Opened in 1926, the Arrowcraft Shop continued the project established by the Pi Beta Phi Settlement School of meeting the needs of those who lived in the Smoky Mountains. The shop also allowed Appalachian makers the opportunity to make and sell their crafts for more equitable prices than they could find on their own. Their wares – including handmade baskets, coverlets, and chairs – were incredibly popular, in part due to the revival of the American Arts and Crafts movement, which prized high-quality workmanship.
While Arrowcraft employed diverse craft makers, its main focus was weaving. Partially, this decision had to do with storage – only so many baskets and chairs could be stored in the Arrowcraft shop, while weavings of different sizes and complexities (and varying prices) could be more economically stored. Weaving also allowed for both the designer and the weaver to earn credit, as is seen in the small selection of textiles on view in this gallery. Gatlinburg’s weaving women were highly skilled, and between 1935 and 1945 242 different women wove for Arrowcraft. Within Arrowmont’s permanent collection is a sizeable collection of coverlets, hand towels, window tapestries, aprons, handbags, wallets, purses, coats, and more, collected from the early days of Arrowcraft and lasting until its dissolution in the 1990s. Arrowcraft’s success came from the high quality of the items, as Pi Beta Phi alumnae and tourists for the national park sought to buy from the accomplished women makers.
The success of Arrowcraft’s weaving program encouraged the Pi Beta Phis to expand their craft classes, which in turn led to Arrowmont’s workshops that celebrate craft’s histories, its present, and its many futures. Arrowcraft was instrumental in making both Arrowmont and Gatlinburg the spaces they are today.
Arrowmont School of Arts and Crafts, 556 Parkway, Gatlinburg, TN 37738. Information: 865-436-5860, https://www.arrowmont.org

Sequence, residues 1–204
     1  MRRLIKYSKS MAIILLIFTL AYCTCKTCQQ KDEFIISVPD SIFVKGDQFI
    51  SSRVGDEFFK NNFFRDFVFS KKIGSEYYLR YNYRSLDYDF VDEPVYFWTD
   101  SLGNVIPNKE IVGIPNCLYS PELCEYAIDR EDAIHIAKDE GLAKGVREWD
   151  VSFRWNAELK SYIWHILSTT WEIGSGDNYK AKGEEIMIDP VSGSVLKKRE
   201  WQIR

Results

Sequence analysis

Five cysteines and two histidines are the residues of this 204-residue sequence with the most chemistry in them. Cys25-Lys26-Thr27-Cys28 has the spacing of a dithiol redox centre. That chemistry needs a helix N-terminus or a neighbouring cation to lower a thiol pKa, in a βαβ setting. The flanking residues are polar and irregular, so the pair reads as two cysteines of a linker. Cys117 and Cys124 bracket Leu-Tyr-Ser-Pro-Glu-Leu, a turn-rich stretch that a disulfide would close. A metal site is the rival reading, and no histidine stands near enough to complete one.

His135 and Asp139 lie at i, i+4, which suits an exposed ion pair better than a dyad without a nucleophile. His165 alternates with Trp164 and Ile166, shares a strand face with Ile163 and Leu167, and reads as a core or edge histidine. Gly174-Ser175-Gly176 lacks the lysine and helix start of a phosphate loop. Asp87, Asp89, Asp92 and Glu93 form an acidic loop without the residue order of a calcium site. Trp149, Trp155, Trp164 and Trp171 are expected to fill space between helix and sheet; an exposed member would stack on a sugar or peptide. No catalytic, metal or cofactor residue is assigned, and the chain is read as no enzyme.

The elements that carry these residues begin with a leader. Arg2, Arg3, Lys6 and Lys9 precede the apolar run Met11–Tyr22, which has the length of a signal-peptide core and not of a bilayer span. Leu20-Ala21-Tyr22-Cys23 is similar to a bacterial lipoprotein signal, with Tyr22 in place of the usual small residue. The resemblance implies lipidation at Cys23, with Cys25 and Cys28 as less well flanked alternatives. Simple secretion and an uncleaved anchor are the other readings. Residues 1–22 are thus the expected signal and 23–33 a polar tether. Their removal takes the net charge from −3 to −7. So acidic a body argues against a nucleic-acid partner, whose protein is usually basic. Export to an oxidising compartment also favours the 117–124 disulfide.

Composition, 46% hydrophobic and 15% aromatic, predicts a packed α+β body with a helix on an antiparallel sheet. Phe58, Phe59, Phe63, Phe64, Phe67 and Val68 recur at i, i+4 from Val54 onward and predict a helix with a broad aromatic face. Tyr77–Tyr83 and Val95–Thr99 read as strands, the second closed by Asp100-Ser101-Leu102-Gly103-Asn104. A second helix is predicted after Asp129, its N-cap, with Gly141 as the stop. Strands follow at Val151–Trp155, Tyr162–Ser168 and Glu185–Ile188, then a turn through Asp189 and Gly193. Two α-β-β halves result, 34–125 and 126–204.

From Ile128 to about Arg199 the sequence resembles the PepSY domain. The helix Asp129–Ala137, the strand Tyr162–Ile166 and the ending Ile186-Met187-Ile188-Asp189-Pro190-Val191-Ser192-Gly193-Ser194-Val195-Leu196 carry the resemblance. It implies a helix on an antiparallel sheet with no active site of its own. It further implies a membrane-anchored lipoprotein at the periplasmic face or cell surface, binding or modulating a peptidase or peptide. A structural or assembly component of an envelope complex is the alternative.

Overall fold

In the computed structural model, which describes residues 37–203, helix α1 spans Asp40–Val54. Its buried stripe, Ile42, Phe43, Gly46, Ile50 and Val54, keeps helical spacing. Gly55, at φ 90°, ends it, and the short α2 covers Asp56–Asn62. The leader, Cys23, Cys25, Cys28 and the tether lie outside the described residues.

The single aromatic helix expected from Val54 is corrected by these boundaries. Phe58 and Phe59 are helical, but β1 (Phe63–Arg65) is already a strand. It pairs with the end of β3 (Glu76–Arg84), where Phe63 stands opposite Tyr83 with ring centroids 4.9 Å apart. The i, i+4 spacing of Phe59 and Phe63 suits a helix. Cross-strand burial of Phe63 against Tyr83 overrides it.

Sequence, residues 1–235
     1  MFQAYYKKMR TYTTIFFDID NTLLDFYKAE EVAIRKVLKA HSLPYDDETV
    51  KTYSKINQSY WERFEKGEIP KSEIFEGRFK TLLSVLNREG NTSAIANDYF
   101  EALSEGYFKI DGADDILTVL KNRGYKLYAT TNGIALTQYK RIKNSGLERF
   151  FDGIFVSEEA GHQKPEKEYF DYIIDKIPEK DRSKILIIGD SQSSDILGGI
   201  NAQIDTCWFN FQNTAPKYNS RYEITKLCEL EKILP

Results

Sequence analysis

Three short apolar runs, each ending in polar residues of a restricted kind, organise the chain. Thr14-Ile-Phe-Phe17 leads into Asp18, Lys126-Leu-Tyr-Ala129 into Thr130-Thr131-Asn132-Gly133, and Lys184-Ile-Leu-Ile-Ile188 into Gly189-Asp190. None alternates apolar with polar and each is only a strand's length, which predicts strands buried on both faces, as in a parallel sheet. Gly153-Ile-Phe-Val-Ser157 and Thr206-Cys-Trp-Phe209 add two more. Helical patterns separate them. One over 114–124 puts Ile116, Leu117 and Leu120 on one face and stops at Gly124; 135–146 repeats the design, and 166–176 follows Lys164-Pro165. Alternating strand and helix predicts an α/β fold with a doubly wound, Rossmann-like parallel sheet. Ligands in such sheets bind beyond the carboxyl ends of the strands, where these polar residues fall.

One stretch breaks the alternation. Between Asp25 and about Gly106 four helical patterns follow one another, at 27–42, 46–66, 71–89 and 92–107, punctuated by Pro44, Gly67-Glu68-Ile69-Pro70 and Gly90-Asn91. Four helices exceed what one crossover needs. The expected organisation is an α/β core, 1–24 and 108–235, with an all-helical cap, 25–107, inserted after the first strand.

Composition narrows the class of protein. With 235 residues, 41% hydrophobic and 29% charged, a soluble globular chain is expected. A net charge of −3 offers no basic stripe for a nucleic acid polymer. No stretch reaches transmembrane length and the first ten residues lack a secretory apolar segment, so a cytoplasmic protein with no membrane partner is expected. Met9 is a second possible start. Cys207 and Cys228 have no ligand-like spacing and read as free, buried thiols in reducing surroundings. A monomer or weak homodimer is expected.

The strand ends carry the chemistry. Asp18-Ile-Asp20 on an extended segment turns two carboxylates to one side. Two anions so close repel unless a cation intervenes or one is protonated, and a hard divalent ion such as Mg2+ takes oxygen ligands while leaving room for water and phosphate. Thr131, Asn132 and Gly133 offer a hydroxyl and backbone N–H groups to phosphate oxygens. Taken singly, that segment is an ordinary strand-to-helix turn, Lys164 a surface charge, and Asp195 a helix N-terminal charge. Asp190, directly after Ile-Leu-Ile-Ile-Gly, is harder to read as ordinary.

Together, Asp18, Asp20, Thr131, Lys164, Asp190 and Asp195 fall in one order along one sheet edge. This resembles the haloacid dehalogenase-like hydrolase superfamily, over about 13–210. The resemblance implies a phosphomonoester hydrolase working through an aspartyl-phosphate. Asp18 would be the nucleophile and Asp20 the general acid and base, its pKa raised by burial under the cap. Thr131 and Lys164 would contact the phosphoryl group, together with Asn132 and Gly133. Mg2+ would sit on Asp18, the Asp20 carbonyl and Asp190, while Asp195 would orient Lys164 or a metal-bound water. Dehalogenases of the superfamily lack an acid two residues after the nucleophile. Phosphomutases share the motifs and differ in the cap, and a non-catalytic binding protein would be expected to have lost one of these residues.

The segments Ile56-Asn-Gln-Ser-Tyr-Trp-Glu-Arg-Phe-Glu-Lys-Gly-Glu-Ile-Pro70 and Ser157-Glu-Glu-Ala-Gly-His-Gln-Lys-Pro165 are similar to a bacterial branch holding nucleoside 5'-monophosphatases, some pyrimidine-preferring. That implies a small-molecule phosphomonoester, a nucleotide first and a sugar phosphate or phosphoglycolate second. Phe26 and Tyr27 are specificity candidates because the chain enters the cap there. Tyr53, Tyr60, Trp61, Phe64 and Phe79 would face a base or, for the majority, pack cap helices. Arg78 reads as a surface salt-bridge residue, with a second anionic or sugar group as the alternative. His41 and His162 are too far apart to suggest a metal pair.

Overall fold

TVUUC: Works by Terri Swaggerty and Ken Moffett
Free and open to the public
Reception Friday, August 19, 6:00 to 7:30 pm. Artists’ talks at 6:30 pm.
Gallery hours: 10-3, Monday and 10-4, Tuesday through Thursday
Terri Swaggerty began a career in Art at Expo 82 as a sidewalk portrait artist. She then became a self-employed photo retouch artist, specializing in photo restoration and photo enhancement utilizing airbrush, pencil and dye work, and oils for hand coloring. As a member of the Tennessee Professional Photographers association, she received many First-Place awards in photo retouching and received the Artisan Degree in 1997. She also received First Place awards in national PPA competition. Beginning in 1998 she transitioned to a photography career. In 1999, competing as a photographer, she received TPPA First Place honors in Portrait and received First Place in Wedding the following year. Her wedding photography business, Terri Swaggerty Portraiture, flourished in Knoxville for 15 years. Terri now works part time for Little Log Wedding Chapel in Gatlinburg. Terri began taking oil painting workshops in 2014. and is now a member of the Art Market Gallery in both photography and painting. She has previously shown at TVUUC, Tomato Head, Artemis Gallery in Apalachicola Florida, Post Modern Spirits, and Crafty Bastard Brewery.
For me the process of creating Art, whether through a lens or with a paint brush, is where soul meets body. I am always looking for and discovering Art in the changing environments of daily life. Finding it is so exciting! ~ Terri Swaggerty
Kenneth M. Moffett is retired from a career in architecture, having been design director at the Knoxville/Nashville firm Bullock Smith Architecture and Planning since joining in the formation of the firm in 1984. The firm has received numerous design awards with projects nationwide and abroad. Moffett has also worked as an artist throughout his life. His works in watercolor and acrylics on canvas have been widely exhibited, including at TVUUC. In recent years he has become involved in writing about architecture and urbanism, having a book on foundational issues published in 2017 with two further books published earlier this year by ORO Editions, publishers of architecture, art, and design. As an amateur musician he is a long-standing member of the Tennessee Wind Symphony and a member of the Knoxville Music Study Club. Moffett is presently co-chair of the TVUUC Art Gallery Committee.